In recent news, Christian opposition to a statue of Ganesh at the Calgary Zoo has made the headlines. I was first made aware of this controversy when a co-worker of mine saw the headline in one of the free Calgary papers he picked up on the C-train during our short trip back to the office from a mid-day meeting late last week. A small teaser on the front page (“Christian wants to ban statue”, or something like that) provoked a quick, negative response from him before attention shifted to other things (the article wasn’t delved into during this quick trip).
Having not heard anything about this before, my curiosity was piqued and I made a mental note to look into issue.
So, at the centre of the controversy is a 9 foot, 8000 pound granite statue of the Hindu god Ganesh. Apparently this statue was commissioned for the Calgary Zoo using the funds provided by a private donor. However, Jim Blake on behalf of Concerned Christians Canada (CCC) sent a letter to the zoo protesting the statue and asking it be removed. In part, he stated:
The zoo is not a place of religious indoctrination, it is supposed to be a safe family environment free of religious icons and selective religious partiality. The displaying of different gods in a public place, like this, is an offence to our beliefs and does not represent the diversity of views that should be reflected, if the zoo is embarking on teaching the public about world religions as they relate to the natural world. If, in fact, the zoo is on a quest to expose people to different religious viewpoints, which I presume atheists would take exception to, the zoo should not be selective and exclusive. . . .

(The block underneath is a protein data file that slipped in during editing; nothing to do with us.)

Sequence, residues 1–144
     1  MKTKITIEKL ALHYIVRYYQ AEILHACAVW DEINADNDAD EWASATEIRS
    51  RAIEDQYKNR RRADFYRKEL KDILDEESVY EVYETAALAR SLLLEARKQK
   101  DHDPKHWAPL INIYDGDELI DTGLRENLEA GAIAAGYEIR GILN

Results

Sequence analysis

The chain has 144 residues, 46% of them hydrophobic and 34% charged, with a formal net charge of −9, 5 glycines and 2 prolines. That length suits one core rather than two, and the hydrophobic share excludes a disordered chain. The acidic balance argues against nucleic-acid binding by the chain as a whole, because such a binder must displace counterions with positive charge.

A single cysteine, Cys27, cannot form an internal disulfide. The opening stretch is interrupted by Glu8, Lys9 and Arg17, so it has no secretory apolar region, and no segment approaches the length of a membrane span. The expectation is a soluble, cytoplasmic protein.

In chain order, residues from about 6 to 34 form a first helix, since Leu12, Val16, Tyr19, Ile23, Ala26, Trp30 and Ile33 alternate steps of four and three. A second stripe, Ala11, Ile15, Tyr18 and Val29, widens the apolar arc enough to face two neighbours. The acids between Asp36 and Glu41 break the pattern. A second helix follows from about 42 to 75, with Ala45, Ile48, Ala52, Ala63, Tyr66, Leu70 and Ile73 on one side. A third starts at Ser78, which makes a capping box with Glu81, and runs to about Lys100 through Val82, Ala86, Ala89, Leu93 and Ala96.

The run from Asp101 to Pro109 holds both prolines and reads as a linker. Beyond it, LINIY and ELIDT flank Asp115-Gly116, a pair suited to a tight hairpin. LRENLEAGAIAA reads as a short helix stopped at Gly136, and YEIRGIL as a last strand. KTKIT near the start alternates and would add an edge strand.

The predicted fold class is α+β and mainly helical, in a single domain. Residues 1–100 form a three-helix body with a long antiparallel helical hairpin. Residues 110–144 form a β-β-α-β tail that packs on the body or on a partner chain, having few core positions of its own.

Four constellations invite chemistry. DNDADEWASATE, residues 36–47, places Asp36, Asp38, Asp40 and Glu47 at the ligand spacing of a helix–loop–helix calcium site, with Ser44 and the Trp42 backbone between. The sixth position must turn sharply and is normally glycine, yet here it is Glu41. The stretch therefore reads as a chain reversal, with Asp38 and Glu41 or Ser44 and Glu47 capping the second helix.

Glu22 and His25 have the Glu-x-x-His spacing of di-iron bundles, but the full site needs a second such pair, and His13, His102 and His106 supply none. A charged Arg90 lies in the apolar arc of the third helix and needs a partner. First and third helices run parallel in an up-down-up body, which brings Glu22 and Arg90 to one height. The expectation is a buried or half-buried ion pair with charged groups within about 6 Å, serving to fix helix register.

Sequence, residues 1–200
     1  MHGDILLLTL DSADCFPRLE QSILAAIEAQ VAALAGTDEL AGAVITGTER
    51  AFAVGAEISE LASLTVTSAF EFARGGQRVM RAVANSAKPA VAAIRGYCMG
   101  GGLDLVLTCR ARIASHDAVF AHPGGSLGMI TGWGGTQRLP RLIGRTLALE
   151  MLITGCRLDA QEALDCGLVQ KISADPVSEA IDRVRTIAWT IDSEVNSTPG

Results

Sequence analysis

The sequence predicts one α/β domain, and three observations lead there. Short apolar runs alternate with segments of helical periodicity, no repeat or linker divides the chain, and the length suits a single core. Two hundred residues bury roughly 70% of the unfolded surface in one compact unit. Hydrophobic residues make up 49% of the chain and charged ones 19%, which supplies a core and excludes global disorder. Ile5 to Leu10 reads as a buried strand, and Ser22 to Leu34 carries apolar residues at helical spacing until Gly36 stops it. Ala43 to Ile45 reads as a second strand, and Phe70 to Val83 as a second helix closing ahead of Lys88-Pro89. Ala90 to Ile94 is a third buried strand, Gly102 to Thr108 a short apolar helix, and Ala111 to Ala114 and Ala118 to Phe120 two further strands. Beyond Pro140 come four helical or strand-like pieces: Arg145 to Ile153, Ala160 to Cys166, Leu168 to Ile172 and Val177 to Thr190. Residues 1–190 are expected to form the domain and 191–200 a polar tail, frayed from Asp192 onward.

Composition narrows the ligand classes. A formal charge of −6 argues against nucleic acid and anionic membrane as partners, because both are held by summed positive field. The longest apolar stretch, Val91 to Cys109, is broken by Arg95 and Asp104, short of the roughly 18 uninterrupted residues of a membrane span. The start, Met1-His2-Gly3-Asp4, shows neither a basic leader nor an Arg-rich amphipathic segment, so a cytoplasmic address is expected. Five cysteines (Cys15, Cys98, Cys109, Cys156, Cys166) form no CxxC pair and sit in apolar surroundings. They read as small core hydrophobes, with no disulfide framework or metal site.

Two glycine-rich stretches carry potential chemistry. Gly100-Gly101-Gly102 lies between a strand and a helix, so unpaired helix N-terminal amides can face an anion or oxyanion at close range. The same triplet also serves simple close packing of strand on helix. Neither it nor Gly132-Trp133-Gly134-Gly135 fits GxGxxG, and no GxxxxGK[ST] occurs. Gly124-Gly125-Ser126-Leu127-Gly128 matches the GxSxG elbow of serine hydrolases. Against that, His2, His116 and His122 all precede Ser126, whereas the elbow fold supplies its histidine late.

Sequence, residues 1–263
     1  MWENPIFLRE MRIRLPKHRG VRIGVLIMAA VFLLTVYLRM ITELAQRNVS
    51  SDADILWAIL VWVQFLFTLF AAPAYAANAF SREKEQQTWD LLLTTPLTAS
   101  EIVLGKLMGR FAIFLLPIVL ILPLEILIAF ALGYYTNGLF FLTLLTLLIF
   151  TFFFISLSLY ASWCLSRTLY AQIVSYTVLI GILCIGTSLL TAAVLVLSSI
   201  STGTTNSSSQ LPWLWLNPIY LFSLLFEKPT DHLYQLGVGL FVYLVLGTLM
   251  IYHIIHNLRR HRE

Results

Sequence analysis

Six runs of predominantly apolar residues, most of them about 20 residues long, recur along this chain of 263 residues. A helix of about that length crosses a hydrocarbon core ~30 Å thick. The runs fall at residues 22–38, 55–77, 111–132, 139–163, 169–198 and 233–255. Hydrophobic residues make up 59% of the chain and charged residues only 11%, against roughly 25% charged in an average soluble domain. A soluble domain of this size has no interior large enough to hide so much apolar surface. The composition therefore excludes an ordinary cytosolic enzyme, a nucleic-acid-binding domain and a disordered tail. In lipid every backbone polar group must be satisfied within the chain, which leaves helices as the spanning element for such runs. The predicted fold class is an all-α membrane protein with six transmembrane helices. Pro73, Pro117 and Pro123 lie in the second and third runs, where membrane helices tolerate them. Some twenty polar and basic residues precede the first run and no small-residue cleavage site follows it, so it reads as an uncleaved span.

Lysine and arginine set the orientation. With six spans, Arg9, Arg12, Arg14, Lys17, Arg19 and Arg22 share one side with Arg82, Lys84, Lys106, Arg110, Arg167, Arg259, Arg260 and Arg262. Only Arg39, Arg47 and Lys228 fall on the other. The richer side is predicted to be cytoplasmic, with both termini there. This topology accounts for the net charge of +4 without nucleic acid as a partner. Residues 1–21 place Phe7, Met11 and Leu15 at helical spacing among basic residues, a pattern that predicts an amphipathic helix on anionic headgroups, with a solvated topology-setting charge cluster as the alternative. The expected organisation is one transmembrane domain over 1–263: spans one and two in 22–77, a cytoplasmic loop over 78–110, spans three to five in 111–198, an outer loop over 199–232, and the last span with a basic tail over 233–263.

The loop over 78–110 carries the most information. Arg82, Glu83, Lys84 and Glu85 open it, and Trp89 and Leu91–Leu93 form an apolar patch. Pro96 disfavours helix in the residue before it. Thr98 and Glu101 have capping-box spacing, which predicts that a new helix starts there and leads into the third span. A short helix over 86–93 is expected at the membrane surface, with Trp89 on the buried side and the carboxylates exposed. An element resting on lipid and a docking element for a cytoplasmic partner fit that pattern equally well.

The display of foreign gods is offensive and does not reflect the views of the majority of Canadians. Today we make a request that unless the Calgary Zoo is willing to expand their exhibits with the proposed additions we outlined above, that the zoo would in fact maintain its former state of being neutral with respect to religious beliefs and backgrounds by not displaying any religious icons, idols, or texts within its grounds.
On one hand, I tend to think I understand the CCC response; it seems Christian symbols in public have, increasingly, come under attack. Our natural desire for justice makes us want to demand that if Christian symbols are not welcome, then no religious symbols should be. But on the other hand, it seems this view is in direct conflict with many good arguments for allowing Christian symbols in the public sphere.
But, maybe that is too pragmatic an approach to this issue. After all, we ultimately can not decide right and wrong based on what appears the most advantageous for us at a given time. The core of CCC’s argument is that this statue is offensive and should be removed. Is that correct; is it offensive and, if so, does that mean we should lobby for its removal?
I remember seeing that sculpture for the first time and it was a bit of an affront. Most of us know, or at least have a pretty strong feeling that a public monument, even privately funded, depicting any explicit Christian symbolism would, quite frankly, not even be considered to start with. In that venue I have no expectation of ever seeing any sort of respectful reflection of my faith, even if only for “cultural reasons”. Yet there, in front of me, was a larger than life (and very well crafted) Hindu god. So, on that first point, I can see how the statue could be offensive to some.
That said, to be honest, even recognizing the statue as a representation of a Hindu deity, I can not make a strong case that the statue should be removed from the zoo. I can’t think of a Biblical teaching that would persuade me to actively work for the removal of such outward symbols in our society and I don’t see how forcing the issue in this way would make us good ambassadors.
That’s not to say the situation necessarily demands silence; but perhaps ultimatums and focusing on the removal of such outward symbols are not the correct tact? Could this have been better used as a way to reach out and engage as opposed to something which now seems unnecessarily divisive?
I’m not sure, but I guess that’s what I’m asking. What should our response be to this type of issue? Any thoughts?